Neuromorphic vision sensors are coming to smartphones

Prophesee, a provider of event-based neuromorphic vision sensor technology, announced a partnership with Qualcomm Technologies at the massive Mobile World Congress event in Barcelona, Spain, this week, a collaboration that will see Prophesee’s Metavision sensors optimized for use with Qualcomm’s Snapdragon platform to bring neuromorphic-enabled image capture capabilities to mobile devices.

Event-based neuromorphic vision sensor technology could be a game changer for camera performance, with neuromorphic capabilities processing movement and moments closer to the way the human brain processes them–with less blurring and more clarity than a frame-based camera can manage. Specifically, the technology allows cameras to perform better while capturing fast movements and scenes in low lighting in their photos and videos. For the most part, the consumer marketplace is still waiting to get their hands on devices with these capabilities, but the new partnership means that wait is growing shorter.

Later this year, the Prophesee plans to release a development kit to support the integration of the Metavision sensor technology for use with devices that contain next-generation Snapdragon platforms. After that, it will not be too much longer before consumers can experience the benefits of event-based neuromorphic vision sensor technology themselves.

Luca Verre, co-founder and CEO of Prophesee, told Fierce Electronics, “We expect phones with this feature/capability to be in the market by 2024. It will likely appear in ‘flagship’ models first.”

When the technology arrives, it is not expected to replace traditional frame-based sensors, but instead work in tandem with them, with much of the camera performance improvement coming  through Prophesee’s event-based continuous and asynchronous pixel sensing approach which will help in the “de-blurring of images” and the highlighting of focal points that otherwise might become lost where low lighting intrudes on a captured moment.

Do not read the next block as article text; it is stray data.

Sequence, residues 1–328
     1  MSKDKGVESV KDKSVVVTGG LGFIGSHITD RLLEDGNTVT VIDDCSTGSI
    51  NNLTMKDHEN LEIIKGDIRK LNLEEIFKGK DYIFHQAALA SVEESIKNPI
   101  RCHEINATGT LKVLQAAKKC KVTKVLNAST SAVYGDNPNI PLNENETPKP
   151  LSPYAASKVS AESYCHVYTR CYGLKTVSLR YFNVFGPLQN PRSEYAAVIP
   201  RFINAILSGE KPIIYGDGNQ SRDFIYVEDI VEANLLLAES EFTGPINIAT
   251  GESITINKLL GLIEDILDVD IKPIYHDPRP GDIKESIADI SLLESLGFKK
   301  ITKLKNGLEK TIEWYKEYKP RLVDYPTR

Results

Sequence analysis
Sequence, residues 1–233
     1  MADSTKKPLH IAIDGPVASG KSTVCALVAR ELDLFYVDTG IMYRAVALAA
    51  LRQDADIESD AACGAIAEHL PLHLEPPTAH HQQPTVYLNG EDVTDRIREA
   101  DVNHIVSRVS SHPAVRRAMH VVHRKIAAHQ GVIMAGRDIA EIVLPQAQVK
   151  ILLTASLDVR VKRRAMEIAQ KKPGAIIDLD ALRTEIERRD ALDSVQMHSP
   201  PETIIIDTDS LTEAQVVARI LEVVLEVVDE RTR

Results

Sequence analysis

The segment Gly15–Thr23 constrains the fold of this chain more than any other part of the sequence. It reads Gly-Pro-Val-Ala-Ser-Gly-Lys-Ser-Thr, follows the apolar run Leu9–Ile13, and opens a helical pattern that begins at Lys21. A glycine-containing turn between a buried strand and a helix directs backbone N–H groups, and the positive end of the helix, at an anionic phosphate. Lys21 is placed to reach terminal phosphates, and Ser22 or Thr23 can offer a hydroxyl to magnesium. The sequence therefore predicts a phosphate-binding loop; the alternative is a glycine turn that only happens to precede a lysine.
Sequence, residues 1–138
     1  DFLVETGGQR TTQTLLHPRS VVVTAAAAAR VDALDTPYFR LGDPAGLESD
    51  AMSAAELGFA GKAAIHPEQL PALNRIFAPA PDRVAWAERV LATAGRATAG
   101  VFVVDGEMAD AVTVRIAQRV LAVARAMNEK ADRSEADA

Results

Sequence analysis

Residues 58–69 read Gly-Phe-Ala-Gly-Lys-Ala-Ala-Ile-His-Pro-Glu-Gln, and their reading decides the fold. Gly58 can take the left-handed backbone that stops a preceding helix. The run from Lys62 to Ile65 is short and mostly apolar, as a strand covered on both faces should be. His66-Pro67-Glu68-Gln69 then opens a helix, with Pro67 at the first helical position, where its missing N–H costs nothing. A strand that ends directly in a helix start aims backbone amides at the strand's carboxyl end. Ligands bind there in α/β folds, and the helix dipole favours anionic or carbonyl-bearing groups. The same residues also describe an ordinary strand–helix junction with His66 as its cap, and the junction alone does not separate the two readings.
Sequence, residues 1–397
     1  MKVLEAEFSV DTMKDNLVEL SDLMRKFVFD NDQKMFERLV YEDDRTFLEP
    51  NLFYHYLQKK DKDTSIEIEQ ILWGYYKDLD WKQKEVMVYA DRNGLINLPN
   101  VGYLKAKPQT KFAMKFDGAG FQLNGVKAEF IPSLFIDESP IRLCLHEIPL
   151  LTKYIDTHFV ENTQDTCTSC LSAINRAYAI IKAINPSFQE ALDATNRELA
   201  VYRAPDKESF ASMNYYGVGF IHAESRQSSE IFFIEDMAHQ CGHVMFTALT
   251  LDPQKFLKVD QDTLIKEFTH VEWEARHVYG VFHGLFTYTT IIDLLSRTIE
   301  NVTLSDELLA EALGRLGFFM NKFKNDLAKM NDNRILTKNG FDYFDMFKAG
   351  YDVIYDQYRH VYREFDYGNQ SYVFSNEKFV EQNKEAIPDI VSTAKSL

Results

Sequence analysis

That could make consumers much happier about the quality of the pictures they take on their mobile devices, although there is a good chance they may not even know they will have neuromorphic sensors to thank for the improvement, as they probably will not have to think about switching into a different photo capture mode to take advantage of neuromorphic sensing.

“It’s unlikely that smartphones would have a ‘neuromorphic mode,’ but instead would work seamlessly with the existing image capture capabilities - but, in theory, that could be something the OEM could consider,” Verre said. “Note that using an event based camera actually reduces the amount of data processed, capturing only things in a scene that move, which are often ‘invisible’ to traditional cameras, so it is largely an augmentation of traditional frame based cameras (and other sensors, such as lidar in a car), not a replacement, especially in consumer applications.”

These sensors already are used in other kinds of applications, including business and industrial use cases such as security cameras, surveillance, preventative maintenance, vibration monitoring, high speed counting, and others where event cameras can work “as a standalone machine vision option,” Verre said, adding, “There is vast potential in the idea of sensor fusion, combining event-based sensors with other types of sensors, like frame-based cameras.”

The Qualcomm partnership comes almost a year after Prophesee announced a partnership with Sony that revolved around enabling improved integration of event-based sensing technology into devices, and Verre said the migration of the technology to mobile phones likely will be smoother as a result of the earlier partnership. Working with Sony, a leading CMOS sensor provider for the mobile industry, helped make the sensors “more applicable for mobile (smaller size, lower power, etc.) with 3D stacking manufacturing techniques,” he said.

Prophesee also sees the technology as having potential in other mobile and wearable device applications, such as augmented reality headsets. Prophesee already is talking to OEMs about moving in that direction, and Verre said the company believes that “by enabling a paradigm shift in sensing modalities with this approach, there are countless applications that can benefit.”